Good work by Dr. De Gelder and a brilliantly illuminating article reminding us (or convincing the doubters) that the brain is a far more mysterious organ than mainstream medical science leads us to believe. As a stroke suvivor myself (brain haemorrhage twenty years ago left me paralyzed on the left side — since then, confounding the doctors prognosis of a six month ‘surge of recovery’ then little progress, I have recovered gradually and am still improving,) I have experience and witnessed many things that are dismissed as impossible.
I never saw a stroke specialist, it seems my case was written off as hopeless, but one doctor who was treating me for the endocrine condition that was the root of my problem, in a rather off — topic conversation because the extent of my recovery interested him, conceded that “we are discovering the mind and the brain are two very different things.” I would agree with that wholeheartedly, with around a third of my brain drowned in leaked blood, I found once the pressure inside the skull eased, memory, vocabulary and cognitive skills were intact. Mobility has been slow to return but I think the outcome is preferable for me.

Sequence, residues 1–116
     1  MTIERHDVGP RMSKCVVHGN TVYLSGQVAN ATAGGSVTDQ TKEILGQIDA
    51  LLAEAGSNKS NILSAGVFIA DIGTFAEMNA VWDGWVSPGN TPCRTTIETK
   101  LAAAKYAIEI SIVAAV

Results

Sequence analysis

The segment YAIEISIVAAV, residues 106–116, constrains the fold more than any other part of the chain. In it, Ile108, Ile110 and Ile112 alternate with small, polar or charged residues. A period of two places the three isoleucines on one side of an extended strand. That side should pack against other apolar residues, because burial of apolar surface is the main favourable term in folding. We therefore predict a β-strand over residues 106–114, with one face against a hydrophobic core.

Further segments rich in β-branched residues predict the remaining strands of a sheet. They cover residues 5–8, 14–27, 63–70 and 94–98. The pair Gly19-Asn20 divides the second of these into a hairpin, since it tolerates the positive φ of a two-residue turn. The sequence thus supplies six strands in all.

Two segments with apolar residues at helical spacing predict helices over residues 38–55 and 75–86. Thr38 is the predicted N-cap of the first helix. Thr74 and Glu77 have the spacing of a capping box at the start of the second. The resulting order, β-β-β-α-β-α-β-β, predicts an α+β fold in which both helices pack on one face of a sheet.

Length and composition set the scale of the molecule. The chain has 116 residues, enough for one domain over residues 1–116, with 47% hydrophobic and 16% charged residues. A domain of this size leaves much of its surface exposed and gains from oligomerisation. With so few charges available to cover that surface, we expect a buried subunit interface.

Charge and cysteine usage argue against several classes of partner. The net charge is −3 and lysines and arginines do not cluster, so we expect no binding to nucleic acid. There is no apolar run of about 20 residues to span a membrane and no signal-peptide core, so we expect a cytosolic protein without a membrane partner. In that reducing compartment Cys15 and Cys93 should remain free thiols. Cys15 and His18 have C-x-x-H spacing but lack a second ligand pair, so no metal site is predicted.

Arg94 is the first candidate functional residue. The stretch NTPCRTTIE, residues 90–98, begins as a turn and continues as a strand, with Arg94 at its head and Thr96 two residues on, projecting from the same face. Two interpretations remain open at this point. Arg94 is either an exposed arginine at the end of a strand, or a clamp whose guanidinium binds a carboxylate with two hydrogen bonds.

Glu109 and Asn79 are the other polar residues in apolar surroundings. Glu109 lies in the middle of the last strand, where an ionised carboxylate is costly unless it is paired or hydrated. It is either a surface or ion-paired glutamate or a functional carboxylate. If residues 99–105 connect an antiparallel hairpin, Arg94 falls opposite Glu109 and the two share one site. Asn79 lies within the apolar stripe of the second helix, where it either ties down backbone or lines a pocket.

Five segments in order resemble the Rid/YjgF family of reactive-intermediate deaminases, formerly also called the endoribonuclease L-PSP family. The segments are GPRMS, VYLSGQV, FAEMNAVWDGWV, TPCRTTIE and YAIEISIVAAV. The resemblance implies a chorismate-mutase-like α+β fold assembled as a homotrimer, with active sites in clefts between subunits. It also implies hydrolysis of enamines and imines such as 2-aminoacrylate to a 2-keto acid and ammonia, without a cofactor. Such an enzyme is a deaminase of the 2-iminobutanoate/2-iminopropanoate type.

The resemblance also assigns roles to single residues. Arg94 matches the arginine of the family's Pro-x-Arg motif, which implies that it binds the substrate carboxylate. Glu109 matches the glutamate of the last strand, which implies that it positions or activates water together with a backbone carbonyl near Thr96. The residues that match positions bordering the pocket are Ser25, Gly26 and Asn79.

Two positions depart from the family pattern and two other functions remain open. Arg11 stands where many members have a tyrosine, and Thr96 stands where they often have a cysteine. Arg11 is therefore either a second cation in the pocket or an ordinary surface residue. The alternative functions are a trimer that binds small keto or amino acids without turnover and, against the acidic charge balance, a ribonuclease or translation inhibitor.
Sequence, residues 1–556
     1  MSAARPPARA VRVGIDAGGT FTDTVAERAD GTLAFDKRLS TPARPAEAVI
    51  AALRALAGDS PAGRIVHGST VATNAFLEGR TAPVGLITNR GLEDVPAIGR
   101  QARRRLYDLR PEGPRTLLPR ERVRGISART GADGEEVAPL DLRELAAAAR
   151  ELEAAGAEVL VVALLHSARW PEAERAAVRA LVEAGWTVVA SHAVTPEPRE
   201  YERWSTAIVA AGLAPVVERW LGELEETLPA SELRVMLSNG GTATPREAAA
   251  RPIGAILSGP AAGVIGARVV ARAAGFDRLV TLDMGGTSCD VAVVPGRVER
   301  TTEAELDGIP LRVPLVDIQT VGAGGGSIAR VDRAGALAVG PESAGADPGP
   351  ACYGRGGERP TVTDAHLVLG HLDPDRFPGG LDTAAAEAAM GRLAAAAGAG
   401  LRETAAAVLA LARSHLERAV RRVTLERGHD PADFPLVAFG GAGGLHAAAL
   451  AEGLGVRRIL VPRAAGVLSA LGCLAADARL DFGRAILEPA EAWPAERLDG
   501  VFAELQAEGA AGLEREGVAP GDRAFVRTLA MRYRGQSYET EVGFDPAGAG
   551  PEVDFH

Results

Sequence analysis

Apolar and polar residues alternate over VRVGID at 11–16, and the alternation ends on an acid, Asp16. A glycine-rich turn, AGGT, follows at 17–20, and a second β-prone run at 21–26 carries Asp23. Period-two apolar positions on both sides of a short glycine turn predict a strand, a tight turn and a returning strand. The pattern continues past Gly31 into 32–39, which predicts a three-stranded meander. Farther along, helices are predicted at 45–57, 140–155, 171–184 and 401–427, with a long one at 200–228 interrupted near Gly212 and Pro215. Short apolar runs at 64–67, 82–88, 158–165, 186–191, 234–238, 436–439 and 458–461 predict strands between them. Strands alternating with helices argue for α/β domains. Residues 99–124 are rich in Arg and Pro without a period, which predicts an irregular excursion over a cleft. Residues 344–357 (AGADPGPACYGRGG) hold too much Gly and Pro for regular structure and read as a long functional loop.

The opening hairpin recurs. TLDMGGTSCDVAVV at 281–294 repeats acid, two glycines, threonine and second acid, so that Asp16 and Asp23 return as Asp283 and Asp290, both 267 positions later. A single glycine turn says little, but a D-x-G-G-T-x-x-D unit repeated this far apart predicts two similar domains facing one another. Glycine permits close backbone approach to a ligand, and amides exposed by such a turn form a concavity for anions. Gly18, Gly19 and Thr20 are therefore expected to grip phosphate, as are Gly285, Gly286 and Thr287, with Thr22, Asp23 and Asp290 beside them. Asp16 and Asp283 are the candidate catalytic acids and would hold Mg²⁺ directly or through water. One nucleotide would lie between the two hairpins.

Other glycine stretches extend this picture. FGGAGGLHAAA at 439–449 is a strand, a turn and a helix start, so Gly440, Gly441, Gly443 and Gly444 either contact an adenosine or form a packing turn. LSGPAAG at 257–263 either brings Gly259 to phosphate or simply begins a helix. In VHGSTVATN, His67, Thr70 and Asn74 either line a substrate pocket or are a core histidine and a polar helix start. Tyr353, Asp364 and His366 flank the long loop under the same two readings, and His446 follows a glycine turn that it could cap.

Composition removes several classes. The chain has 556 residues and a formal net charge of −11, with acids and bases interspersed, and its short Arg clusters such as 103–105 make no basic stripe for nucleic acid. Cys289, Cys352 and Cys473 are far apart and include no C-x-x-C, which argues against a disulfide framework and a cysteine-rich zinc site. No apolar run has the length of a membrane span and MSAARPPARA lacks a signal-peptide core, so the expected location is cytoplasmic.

So the question is, if science presumes humans are just biological machines, how is it that a lot of people affected by brain damage similar to mine (i.e. of similar extent and in the same regions of the brain) have a similar outcomes and receive to be mentally fully functioning, while others who brain injury is far less severe end up as basket cases. Why, for example, while I was in hospital, did a woman from Northern England who had never visited The Caribbean and had no African ancestors recover from a coma and start speaking in Jamaican patois. Why did a man who had never learned a foreign language wake up after being sedated and start speaking fluent Italian. These cases are documented.
The sense of danger is well known among soldiers, hunters, explorers and others whose lives involve putting themselves at risk of harm. And there are many well — authenticated stories of animals showing behaviour that could not be prompted by the conscious senses. Why stop at sixth sense, could there not be a seventh and eighth sense and even more?
It is an area into which a lot of research could usefully be done but beyond Rupert Sheldrake’s theories on morphic fields but anybody working in biological research who shows an interest in these very interesting theories is usually dissuaded from pursuing it by a chorus of ridicule. Dr De Gelder’s findings suggest that ridicule is misplaced.